Germany and Turkey Clash Over Incirlik Airbase 'Blackmail'

Incirlik airbase
A Turkish Air Force F-4 fighter jet flies over a minaret after it took off from Incirlik air base in Adana, Turkey, August 12, 2015. TURKEY-SECURITY/AIRFORCE REUTERS/Murad Sezer/File Photo/Reuters

Another war of words has broken out between Germany and Turkey over access to an air base in Incirlik, in the south of Turkey.

Speaking to reporters Wednesday, German Foreign Minister Sigmar Gabriel attacked Turkey for blocking a delegation of German lawmakers from visiting the country's soldiers stationed at the base.

Germany currently uses the Turkish base as part of its work in the international coalition fighting the Islamic State militant group (ISIS). But on Monday, Turkey stopped the MPs from accessing the base, where they were attempting to visit the 250 German armed forces personnel there.

Gabriel said that if "the German parliament is to be blackmailed, then the limit of tolerance has been reached," Deutsche Welle reported.

"I can only hope that the Turkish government will change its mind in the coming days," he said. "Otherwise, the German Bundestag will certainly not leave soldiers in Turkey."

He said that Germany would need to consider "alternatives" if co-operative work was no longer possible from the base.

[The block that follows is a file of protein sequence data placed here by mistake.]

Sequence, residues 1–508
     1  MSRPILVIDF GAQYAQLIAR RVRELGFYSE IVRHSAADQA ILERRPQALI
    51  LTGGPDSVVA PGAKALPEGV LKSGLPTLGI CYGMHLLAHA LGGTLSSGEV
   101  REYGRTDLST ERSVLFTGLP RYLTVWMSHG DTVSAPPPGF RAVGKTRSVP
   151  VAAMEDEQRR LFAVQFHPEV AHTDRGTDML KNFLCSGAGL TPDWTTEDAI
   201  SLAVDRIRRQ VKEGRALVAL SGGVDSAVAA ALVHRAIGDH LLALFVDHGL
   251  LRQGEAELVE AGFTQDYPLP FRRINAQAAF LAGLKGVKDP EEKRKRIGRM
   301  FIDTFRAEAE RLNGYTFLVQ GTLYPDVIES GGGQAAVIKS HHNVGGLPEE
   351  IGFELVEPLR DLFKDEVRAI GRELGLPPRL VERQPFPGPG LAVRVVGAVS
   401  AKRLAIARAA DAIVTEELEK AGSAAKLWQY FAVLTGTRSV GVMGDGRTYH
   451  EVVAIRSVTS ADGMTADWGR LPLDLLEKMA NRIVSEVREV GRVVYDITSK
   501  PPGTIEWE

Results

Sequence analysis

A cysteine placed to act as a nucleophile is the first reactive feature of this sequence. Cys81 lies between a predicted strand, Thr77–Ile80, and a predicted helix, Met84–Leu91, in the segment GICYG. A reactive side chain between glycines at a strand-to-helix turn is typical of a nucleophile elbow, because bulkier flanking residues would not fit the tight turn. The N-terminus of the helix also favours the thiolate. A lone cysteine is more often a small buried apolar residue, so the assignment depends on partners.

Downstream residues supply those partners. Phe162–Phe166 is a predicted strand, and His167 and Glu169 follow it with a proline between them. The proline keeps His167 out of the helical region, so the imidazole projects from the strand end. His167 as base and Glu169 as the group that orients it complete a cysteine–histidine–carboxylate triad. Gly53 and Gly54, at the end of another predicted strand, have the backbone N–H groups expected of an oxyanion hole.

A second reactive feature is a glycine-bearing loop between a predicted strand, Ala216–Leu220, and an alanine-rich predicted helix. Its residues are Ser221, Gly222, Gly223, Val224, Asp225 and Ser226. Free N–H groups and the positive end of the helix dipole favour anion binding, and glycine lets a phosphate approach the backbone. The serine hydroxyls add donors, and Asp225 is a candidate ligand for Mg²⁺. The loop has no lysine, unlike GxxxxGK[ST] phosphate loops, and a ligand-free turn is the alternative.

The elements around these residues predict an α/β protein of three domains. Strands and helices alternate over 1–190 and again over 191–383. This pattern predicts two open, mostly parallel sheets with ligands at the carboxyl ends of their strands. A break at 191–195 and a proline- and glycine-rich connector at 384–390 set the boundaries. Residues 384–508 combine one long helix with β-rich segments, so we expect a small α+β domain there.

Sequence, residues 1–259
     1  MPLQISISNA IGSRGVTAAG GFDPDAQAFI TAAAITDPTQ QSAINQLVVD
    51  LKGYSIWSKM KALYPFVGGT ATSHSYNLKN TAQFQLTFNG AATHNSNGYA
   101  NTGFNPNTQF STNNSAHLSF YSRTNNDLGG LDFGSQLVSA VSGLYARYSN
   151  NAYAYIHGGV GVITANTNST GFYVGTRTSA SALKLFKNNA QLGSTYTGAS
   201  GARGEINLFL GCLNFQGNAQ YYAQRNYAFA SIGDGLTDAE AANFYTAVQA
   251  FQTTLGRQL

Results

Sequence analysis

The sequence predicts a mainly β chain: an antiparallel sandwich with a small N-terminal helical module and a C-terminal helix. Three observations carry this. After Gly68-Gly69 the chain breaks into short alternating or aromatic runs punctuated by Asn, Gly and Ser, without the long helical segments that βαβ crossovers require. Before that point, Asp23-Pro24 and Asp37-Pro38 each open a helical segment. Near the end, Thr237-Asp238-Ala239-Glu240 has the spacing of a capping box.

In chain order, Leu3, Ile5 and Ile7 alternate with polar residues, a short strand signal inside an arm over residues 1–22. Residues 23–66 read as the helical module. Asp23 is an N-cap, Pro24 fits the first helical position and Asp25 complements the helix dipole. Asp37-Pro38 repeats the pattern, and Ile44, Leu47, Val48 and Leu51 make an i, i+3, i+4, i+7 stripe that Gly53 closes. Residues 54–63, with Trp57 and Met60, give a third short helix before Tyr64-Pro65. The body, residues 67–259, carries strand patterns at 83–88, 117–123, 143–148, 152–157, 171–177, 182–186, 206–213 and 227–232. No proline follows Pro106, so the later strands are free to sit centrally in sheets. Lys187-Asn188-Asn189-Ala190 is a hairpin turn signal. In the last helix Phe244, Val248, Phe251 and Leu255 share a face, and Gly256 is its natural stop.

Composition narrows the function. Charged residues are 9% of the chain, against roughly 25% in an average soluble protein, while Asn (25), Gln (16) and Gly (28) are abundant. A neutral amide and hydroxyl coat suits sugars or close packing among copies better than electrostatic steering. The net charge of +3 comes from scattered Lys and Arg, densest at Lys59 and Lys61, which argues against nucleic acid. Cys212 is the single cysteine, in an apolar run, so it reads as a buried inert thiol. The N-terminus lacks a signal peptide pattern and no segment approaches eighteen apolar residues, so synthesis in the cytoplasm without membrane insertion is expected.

Turkey was angered by reports that several Turkish soldiers who feared persecution for alleged involvement in a failed coup against President Recep Tayyip Erdogan last year had been granted asylum in Germany.

This week's flare-up marks the latest in a series of clashes between Turkey and Germany.

During campaigning for a referendum earlier this year that allowed Erdogan to increase his powers, several Turkish ministers were barred from speaking to German Turks at rallies, which led to Erdogan accusing German leaders of "Nazi practices."

Erdogan has also angered governments across Europe by hinting he may hold a referendum on the reintroduction of the death penalty. The return of capital punishment would scupper Turkey's hopes of joining the European Union, European Commission President Jean-Claude Juncker has said.